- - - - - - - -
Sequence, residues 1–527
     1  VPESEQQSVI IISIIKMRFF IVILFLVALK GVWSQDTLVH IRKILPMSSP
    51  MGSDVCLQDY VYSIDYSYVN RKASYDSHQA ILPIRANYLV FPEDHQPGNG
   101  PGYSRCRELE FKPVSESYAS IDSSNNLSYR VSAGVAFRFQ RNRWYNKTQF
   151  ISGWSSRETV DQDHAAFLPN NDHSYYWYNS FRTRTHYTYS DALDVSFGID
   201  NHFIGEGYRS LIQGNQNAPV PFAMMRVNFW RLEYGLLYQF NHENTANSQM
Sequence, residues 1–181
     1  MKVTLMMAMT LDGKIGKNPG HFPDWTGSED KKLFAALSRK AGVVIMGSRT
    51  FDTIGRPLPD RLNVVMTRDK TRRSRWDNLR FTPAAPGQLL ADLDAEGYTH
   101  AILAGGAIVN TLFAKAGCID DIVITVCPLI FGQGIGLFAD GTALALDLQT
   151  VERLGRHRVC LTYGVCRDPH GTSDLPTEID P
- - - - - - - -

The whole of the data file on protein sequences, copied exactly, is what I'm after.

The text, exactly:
Sequence, residues 1–527
     1  VPESEQQSVI IISIIKMRFF IVILFLVALK GVWSQDTLVH IRKILPMSSP
    51  MGSDVCLQDY VYSIDYSYVN RKASYDSHQA ILPIRANYLV FPEDHQPGNG
   101  PGYSRCRELE FKPVSESYAS IDSSNNLSYR VSAGVAFRFQ RNRWYNKTQF
   151  ISGWSSRETV DQDHAAFLPN NDHSYYWYNS FRTRTHYTYS DALDVSFGID
   201  NHFIGEGYRS LIQGNQNAPV PFAMMRVNFW RLEYGLLYQF NHENTANSQM
Sequence, residues 1–181
     1  MKVTLMMAMT LDGKIGKNPG HFPDWTGSED KKLFAALSRK AGVVIMGSRT
    51  FDTIGRPLPD RLNVVMTRDK TRRSRWDNLR FTPAAPGQLL ADLDAEGYTH
   101  AILAGGAIVN TLFAKAGCID DIVITVCPLI FGQGIGLFAD GTALALDLQT
   151  VERLGRHRVC LTYGVCRDPH GTSDLPTEID P